Bill Murchison

Such is the state of modern society that the U.S. Supreme Court gets the job of deciding how much pain the victim of capital punishment feels -- never mind what kind of pain the victim's victims may have felt.

Kind of interesting -- and very modern: part and parcel of the process by which our institutions attempt to work off guilt for all manner of things done in the past and now perceived as somehow brutal and unjust.

A court decision adverse to the state of Kentucky's procedure for executing convicted murderers -- a drug "cocktail" that knocks out the victim before killing him -- wouldn't exactly end capital punishment, or even capital punishment via drugs. What it would do is send state lawmakers re-legislating to identify and approve a pain-free knockout punch.

The Kentucky cocktail is standard 21st century operating procedure -- a replacement for the electric chair, which in turn replaced the noose.

A lawyer arguing for mercy on Ralph Baze -- who executed a sheriff and deputy trying to serve a warrant on him -- insisted the way to go is a single dose of barbiturates. Justice Antonin Scalia wanted to know why pain was such a central consideration in the legal equation. "This is an execution, not surgery," Scalia said.

Well, yes. And no. That it is an execution is what matters to growing numbers of Americans working to put capital punishment itself to death. The technique is, object to everything about the death penalty -- fairness, pain, cost, international opinion, the prospect of executing the innocent. Death by a thousand cuts is the prescription for the death penalty.

Any time you have to put the matter to lawmakers -- as would be the case if the Supreme Court were to disallow the Kentucky cocktail -- is a chance for a debate on the whole premise that the state may take a murderer's life. You're debating means, say, and someone says no, let's talk about ends and about the supposed moral horror of an execution.

Only last month, liberal New Jersey became the first state in 42 years to abolish the death penalty, which it wasn't using anyway. Polls show public support for capital punishment at 62 percent -- though large, it's also shown to be the lowest in three decades. Capital punishment foes would doubtless peel off more of these adversaries once they got rolling. Considerable help would come from liberal Christians, including evangelicals of the Jim Wallis/Sojourners stamp, with their worldly concerns for "social justice."

It fascinates -- the gift of 21st century society for turning inside out its old norms without devoting undue attention to the question of whether those norms made the sense we once supposed they did.

What about capital punishment? Does it suddenly, after all these centuries, make no sense? The principle, I mean, not every application, as in the burnings-alive of the Reformation era -- none of which we're likely to imitate as a society.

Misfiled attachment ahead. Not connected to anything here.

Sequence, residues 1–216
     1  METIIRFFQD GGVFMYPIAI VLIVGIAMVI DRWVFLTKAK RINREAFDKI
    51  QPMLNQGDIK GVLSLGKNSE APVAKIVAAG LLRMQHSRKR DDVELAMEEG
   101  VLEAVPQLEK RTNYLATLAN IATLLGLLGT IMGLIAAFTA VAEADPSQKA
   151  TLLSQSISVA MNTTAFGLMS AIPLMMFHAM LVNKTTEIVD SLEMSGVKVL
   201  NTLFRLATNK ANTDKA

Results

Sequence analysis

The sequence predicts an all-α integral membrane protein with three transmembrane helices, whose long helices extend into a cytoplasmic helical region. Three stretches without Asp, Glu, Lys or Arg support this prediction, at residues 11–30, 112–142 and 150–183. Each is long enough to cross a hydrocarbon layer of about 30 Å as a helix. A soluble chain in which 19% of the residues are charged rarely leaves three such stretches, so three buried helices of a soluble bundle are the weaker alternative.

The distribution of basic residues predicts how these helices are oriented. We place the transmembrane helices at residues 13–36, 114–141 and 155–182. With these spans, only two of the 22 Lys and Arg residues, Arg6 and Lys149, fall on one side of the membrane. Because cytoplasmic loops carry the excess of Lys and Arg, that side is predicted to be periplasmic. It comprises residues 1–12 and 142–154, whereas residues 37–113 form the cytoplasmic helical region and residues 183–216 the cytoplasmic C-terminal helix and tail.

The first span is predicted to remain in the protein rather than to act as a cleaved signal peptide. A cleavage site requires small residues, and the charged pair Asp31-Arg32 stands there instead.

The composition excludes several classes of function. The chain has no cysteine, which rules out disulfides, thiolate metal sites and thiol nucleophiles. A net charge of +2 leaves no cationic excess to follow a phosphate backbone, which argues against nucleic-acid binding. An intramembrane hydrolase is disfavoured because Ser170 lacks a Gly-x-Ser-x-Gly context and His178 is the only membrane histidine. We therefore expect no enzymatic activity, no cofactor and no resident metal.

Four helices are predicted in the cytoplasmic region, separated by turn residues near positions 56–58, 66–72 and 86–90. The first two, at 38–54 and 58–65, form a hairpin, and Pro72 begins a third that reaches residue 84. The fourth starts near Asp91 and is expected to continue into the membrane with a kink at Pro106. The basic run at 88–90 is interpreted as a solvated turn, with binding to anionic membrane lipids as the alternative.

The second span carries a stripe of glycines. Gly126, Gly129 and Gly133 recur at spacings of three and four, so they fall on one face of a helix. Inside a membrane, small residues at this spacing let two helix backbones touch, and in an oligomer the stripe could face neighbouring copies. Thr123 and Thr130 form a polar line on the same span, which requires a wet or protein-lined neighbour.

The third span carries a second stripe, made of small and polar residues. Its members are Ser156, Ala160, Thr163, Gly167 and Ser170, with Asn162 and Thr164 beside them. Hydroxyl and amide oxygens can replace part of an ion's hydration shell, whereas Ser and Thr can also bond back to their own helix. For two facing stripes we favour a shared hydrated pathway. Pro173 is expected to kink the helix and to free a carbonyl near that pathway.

It would have made sense to spare the lives of Goering and Himmler rather than visit on them personally and publicly the consequences of their war crimes? What of Hitler himself, had he survived the war? What of Stalin, could he have been caught by the representatives of a decent Russian regime? What of Saddam Hussein, who was indeed caught and hanged?

Extreme examples? I raise them for purposes of affirming the underlying purpose of capital punishment, which really isn't that of deterring bad behavior; it's that of making a declaration about a particular human act, one so wicked that not to inflict proportionate punishment would be the same as saying, there, there, you've been a bad boy, but that won't stop us from caring for you and feeding and housing you and making sure your plasma TV works right.

Baze, our Kentucky murderer, pleads for exemption from suffering. Why, all he did was kill two men in cold blood. What do we learn from avenging them? the soft-hearted inquire. We learn their human worth, for starters -- their unique place in the created order, as disdained by the man who shot them. We learn of their families' pain and suffering. Lastly, we learn of classic justice -- "to each his own" -- and the urgency of restoring it to a central place in modern affairs.

The renewed, re-quickened attack on the agonies of capital punishment may have its success stories to relate. Whether these stories will speak with equal conviction as to the agonies involved in maintaining the moral order -- we wait to see.


Bill Murchison

Bill Murchison is the former senior columns writer for The Dallas Morning News and author of There's More to Life Than Politics.
 
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